BC Hydro’s goal is to provide safe, reliable power, with minimal social and environmental impacts, in a way that maintains our low competitive rates

For many people the switching on of a light or the television is something that is not even given a second thought. But where that power comes from and how it eventually arrives to your home is no small feat. It certainly becomes evident how important electricity is when power goes out as a result of a wind storm.

BC Hydro’s goal is to provide safe, reliable power, with minimal social and environmental impacts, in a way that maintains our low competitive rates. This is a very difficult balance to achieve yet one we are trying to accomplish. BC Hydro would like to provide its customers from the Comox Valley to Campbell River, and the surrounding communities, with what it is doing to keep your lights on. This ranges from power supply, to substations, to power line system improvement projects. All of this prefaced with facilities that were largely built in the 1940’s and 1950’s; it is time for regeneration.

The Puntledge River and Campbell River hydroelectric facilities combined can easily generate enough power to supply the immediate region.  Surplus power is sent South Island and North Island. For the oldest of these facilities, the 126 MW John Hart Generating Station, built in 1947, its time has come for replacement. For seismic and age concerns, and environmental benefit, BC Hydro is working on the John Hart Generating Station Replacement Project that could begin as early as late 2012 and be in-service around 2016/2017. The current scope of the project, estimated at $1.35 billion, is to replace the three 1.8 km pipelines with a tunnel and build a replacement generating station beside the existing station. The project will allow continued reliable power supply to the region, and a 10% increase in power generating capacity using the same amount of water.

Transmission lines deliver the hydroelectric power supply to substations around the region.  BC Hydro is about to construct a new substation south of Courtenay near Buckley Bay. This project will allow BC Hydro to keep up with load growth and provide better power reliability in the area, including Denman and Hornby. Construction will likely begin next year and is targeted for completion by 2014. The project budget is around $26 million.

For the many circuits that come out of our substations to eventually deliver electricity to your home or business, for 2011, BC Hydro is planning on $3 M in power line system improvement projects. This ranges from the $1.5 million improvement project on Denman Island, to a $175,000 improvement project on Quadra Island, to a $500,000 project in Gold River. Additional funds are also being earmarked for hazard tree removals to maintain power reliability. These types of improvement projects will continue in 2012 and beyond.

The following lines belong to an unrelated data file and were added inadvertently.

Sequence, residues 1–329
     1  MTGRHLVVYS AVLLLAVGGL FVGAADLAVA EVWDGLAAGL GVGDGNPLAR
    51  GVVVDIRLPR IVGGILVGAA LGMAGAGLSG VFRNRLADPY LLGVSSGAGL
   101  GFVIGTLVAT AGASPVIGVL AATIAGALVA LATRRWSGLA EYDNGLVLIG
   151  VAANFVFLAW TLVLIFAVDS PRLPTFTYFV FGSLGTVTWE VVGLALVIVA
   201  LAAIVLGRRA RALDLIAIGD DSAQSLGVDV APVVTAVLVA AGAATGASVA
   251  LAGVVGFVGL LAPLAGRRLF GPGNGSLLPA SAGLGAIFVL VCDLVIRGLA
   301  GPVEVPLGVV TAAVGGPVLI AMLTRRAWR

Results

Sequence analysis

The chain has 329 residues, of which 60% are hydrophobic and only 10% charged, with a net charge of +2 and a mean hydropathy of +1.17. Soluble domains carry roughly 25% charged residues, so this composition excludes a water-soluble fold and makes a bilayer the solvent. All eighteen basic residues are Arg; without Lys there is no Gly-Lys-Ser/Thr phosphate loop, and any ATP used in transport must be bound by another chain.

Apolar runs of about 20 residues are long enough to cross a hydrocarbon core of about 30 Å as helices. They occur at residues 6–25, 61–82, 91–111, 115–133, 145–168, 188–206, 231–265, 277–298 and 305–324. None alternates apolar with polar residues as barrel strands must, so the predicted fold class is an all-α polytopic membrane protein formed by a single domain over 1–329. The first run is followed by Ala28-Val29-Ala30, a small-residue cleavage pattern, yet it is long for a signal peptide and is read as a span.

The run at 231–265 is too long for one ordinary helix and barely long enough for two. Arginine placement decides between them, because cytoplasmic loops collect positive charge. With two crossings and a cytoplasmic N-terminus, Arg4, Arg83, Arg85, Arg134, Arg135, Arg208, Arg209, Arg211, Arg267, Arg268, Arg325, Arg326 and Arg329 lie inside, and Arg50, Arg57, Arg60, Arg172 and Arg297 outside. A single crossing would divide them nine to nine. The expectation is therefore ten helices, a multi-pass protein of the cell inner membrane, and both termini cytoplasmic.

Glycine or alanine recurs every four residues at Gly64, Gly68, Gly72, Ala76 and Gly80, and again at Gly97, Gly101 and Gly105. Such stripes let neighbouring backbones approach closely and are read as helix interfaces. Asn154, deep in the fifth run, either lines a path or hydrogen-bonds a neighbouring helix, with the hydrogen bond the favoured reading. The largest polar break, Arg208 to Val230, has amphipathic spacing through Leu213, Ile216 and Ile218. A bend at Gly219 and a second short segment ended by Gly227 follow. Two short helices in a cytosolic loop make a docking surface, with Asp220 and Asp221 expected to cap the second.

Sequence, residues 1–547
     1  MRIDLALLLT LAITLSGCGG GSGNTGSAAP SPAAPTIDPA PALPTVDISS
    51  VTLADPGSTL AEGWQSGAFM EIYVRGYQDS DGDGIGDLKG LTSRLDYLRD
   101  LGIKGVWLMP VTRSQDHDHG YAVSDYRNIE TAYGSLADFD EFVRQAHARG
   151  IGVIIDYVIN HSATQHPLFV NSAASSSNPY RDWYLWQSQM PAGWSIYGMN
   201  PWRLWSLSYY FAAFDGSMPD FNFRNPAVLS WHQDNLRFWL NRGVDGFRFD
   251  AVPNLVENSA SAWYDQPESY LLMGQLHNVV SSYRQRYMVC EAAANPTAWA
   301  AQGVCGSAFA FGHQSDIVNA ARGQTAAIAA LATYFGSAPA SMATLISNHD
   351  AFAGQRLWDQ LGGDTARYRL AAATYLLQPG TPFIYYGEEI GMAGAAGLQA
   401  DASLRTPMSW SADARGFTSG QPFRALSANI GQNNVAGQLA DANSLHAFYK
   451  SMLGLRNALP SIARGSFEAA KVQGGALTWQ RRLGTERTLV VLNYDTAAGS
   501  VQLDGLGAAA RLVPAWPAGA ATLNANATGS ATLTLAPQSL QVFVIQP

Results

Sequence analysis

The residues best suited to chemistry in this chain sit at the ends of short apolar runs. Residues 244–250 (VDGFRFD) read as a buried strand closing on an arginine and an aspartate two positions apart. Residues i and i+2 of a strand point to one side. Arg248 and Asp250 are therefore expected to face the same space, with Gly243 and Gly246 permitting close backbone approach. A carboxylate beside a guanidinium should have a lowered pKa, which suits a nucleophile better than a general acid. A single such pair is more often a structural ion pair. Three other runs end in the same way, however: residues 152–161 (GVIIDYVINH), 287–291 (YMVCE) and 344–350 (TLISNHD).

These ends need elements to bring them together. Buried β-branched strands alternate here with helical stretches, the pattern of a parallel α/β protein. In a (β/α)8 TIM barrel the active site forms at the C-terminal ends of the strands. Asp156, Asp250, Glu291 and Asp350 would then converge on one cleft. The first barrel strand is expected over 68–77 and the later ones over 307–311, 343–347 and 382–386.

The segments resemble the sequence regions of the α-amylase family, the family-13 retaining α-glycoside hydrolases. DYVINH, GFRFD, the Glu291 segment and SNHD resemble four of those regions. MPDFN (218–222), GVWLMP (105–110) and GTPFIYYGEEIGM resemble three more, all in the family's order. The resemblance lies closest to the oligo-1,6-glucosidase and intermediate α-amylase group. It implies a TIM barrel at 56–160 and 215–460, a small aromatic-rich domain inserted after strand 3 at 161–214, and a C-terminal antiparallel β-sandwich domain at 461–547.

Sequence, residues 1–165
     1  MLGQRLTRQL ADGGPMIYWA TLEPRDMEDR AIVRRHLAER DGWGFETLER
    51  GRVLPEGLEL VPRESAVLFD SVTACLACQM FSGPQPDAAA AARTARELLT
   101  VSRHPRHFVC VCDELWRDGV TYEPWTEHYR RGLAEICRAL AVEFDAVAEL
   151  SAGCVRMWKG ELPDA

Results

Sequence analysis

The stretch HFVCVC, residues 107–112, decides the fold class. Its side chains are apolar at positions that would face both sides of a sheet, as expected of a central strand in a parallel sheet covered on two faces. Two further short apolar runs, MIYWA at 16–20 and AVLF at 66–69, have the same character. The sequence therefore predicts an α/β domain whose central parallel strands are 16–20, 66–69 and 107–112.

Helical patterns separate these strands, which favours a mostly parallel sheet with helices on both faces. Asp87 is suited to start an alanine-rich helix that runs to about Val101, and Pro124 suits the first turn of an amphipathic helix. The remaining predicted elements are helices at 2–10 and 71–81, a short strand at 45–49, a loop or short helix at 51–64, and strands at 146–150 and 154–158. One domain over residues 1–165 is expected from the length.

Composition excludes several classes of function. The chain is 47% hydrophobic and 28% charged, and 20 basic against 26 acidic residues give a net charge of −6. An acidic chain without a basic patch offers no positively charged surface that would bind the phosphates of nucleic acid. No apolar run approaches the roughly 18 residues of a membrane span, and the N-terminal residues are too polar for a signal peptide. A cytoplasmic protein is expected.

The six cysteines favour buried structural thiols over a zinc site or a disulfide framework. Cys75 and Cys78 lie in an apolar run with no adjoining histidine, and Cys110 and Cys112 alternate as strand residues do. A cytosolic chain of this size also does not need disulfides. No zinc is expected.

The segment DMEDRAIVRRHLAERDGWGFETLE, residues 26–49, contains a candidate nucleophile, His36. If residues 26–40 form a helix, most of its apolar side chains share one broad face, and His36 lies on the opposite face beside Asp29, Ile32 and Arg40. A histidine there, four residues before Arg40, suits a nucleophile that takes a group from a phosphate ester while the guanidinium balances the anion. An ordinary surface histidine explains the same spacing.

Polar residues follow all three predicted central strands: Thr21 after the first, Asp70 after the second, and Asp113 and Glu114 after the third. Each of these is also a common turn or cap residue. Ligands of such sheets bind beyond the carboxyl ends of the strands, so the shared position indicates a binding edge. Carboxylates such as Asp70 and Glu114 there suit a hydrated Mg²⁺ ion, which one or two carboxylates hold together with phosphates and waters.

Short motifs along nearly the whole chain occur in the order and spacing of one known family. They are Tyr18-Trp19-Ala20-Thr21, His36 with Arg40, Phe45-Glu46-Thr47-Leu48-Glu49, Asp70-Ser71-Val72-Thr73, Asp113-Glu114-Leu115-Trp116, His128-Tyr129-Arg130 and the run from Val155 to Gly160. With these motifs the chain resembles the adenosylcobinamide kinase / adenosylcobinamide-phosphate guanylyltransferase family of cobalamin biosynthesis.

All of this then leads to BC Hydro’s Rate Revenue Application that was filed on March 1. It proposes rate increases of 9.73 per cent per year for each of the next three years, subject to BC Utilities Commission approval. Customers from Comox to Campbell River and surrounding areas can now see the rationale for these increases given the major funds going to projects in our area. These projects will also bring significant economic development opportunities during construction.

For more information on these capital projects please contact me at 250-755-4795 or steve.watson@bchydro.com

Stephen Watson

BC Hydro

Just Posted

Habitat for Humanity North Island wants to keep momentum going

Organization asks City of Campbell River for more land to build homes for young families

28 townhouses on the way to 525 Dogwood

Council approves latest phase of development, but not before expressing traffic concerns

Diver discovers possible historic anchor off Campbell River

The rusted, barnacle-encrusted anchor was wedged into the bottom off Quadra Island… Continue reading

Leigh wants Strathcona Regional District budget amended over water rates

Area D Director cites punitive water rates as a reason to slow down process

Cold weather puts pressure on homeless shelters in Campbell River

Salvation Army and Sobering Centre offer a total of 40 beds

B.C. students win Great Waters Challenge video contest

Video, mural and song about saving the salmon claims the top prize

B.C. athlete takes home gold in freestyle aerials at Canada Games

Brayden Kuroda won the event with a combined score of 121.65.

Cabinet likely to extend deadline to reconsider Trans Mountain pipeline

New round of consultations with Indigenous communities is coming

B.C. government provides $75,000 towards salmon study

Study looks at abundance and health of Pacific salmon in Gulf of Alaska

Murdered and missing honoured at Stolen Sisters Memorial March in B.C.

‘We come together to make change within the systems in our society’

UBC researchers develop inexpensive tool to test drinking water

The tricoder can test for biological contamination in real-time

Disgraced ex-Congressman Anthony Weiner released from prison

He was convicted of having illicit online contact with a 15-year-old North Carolina girl in 2017

B.C. communities push back against climate change damages campaign

Activists copying California case that was tossed out of court

Most Read